Both senators, unfortunately, have legitimate concerns. The twin obstacles to a true audit — one logistical, one political — are reasons few on the Hill feel confident a clean opinion is coming anytime soon. As one Hill staffer puts it, “DoD loves to find inefficiencies. It just means more they can spend.” He adds, “Every year, you know they’re going to get that $700 billion. That’s not going to change.”
Until someone passes a law with real teeth, that really threatens cuts of military appropriations, the most likely eventuality is the Department of Defense continuing to take and flunk audits at great expense in perpetuity. At best, each year we may end up getting a conclusion like this one about the 2018 audit, from the Pentagon’s inspector general. “The most important outcome . . . was not the overall opinion,” the IG wrote, “but that . . . the DoD makes progress.”
It’s impossible to overstate the enormity of the problem the DoD’s stalled audit poses. The fact that it can’t pass audit means the entire government is in the same boat. Until the Pentagon gets a passing grade, the whole United States will annually receive what’s called a “disclaimer of opinion” on its finances, which is accounting-ese for “Incomplete.”
DioGuardi, who set all this in motion 30 years ago, says no publicly traded company could issue a bond without passing an audit first. But the U.S. issues hundreds of billions in bonds, despite the gaping hole in its books caused by the endless unresolved problem at the Department of Defense. “From an accounting point of view,” he says, “it’s a horror story.”
“Ernst & Young will eat them alive,” says Andy. “It’s so much worse than people think.”
Just over 50 years ago, Dwight Eisenhower gave his famous farewell address warning of the power of the “military-industrial complex.” The former war commander bemoaned the creation of a “permanent armaments industry of vast proportions,” and said the “potential for the disastrous rise of misplaced power exists and will persist.”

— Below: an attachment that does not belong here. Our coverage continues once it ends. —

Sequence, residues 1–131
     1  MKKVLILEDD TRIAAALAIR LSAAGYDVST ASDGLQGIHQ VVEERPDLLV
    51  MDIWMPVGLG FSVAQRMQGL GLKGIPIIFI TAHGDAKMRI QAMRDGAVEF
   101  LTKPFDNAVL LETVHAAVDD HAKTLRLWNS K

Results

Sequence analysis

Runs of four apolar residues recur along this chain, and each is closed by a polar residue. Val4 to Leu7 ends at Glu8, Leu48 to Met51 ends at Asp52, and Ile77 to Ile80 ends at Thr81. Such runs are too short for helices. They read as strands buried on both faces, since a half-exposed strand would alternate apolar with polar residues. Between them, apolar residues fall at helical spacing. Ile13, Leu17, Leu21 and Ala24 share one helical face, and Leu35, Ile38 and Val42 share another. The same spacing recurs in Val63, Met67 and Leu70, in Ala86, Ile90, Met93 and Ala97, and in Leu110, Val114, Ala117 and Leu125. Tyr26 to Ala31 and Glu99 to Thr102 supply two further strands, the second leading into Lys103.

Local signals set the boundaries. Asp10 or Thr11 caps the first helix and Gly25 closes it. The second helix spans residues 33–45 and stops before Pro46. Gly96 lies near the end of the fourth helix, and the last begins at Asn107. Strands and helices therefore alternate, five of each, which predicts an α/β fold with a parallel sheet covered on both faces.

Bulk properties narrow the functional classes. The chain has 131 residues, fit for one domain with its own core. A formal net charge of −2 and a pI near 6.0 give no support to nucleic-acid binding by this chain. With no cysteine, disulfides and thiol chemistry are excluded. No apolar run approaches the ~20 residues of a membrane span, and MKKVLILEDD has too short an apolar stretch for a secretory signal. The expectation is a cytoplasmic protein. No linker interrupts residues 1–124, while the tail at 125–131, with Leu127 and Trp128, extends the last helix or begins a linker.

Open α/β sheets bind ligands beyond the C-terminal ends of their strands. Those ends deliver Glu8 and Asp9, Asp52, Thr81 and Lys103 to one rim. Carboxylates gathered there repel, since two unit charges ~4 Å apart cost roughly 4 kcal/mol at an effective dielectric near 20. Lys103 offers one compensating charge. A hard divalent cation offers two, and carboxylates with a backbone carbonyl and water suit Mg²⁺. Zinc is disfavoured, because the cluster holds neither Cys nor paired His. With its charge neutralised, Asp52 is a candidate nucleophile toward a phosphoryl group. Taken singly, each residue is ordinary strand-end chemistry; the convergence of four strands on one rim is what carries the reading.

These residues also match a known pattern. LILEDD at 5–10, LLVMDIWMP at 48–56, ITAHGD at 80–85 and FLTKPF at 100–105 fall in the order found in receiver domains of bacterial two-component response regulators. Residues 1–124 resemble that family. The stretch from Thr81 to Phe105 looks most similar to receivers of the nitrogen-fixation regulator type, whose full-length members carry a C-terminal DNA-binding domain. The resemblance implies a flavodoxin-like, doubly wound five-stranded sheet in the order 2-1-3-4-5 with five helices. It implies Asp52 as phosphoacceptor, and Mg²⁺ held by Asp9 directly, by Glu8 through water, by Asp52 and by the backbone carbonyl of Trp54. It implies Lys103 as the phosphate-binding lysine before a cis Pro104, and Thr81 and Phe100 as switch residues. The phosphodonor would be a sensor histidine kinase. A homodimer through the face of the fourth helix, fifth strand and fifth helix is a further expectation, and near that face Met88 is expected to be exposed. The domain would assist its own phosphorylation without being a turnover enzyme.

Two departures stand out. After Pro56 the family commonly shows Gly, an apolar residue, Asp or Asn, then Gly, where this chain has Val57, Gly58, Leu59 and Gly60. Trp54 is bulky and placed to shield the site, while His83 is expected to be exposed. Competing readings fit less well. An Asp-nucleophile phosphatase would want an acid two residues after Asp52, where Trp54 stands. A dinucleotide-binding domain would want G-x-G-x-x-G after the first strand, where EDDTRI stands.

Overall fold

Eisenhower’s warning is celebrated by the left as a caution against the overweening political power of warmakers, but as we’re now seeing, it was predictive also as a fiscal conservative’s nightmare vision of the future. The military has become an unstoppable mechanism for hoovering up taxpayer dollars and deploying them in the most inefficient manner possible. Schools crumble, hospitals and obstetric centers close all over the country, but the armed services are filling warehouses for some programs with “1,000 years’ worth of inventory,” as one Navy logistics officer recently put it.
It’s the ultimate example of the immutability of the American political system. Even when there’s broad bipartisan consensus, and laws passed, and both money allocated for changes and agencies created to enact them — if the problem is big enough, time bends toward corruption, and chaos always outlasts reform. Eisenhower couldn’t have predicted how right he was.
Matt Taibbi is a contributing editor for Rolling Stone and winner of the 2008 National Magazine Award for columns and commentary. His most recent book is ‘I Can’t Breathe: A Killing on Bay Street,’ about the infamous killing of Eric Garner by the New York City police. He’s also the author of the New York Times bestsellers ‘Insane Clown President,’ ‘The Divide,’ ‘Griftopia,’ and ‘The Great Derangement.’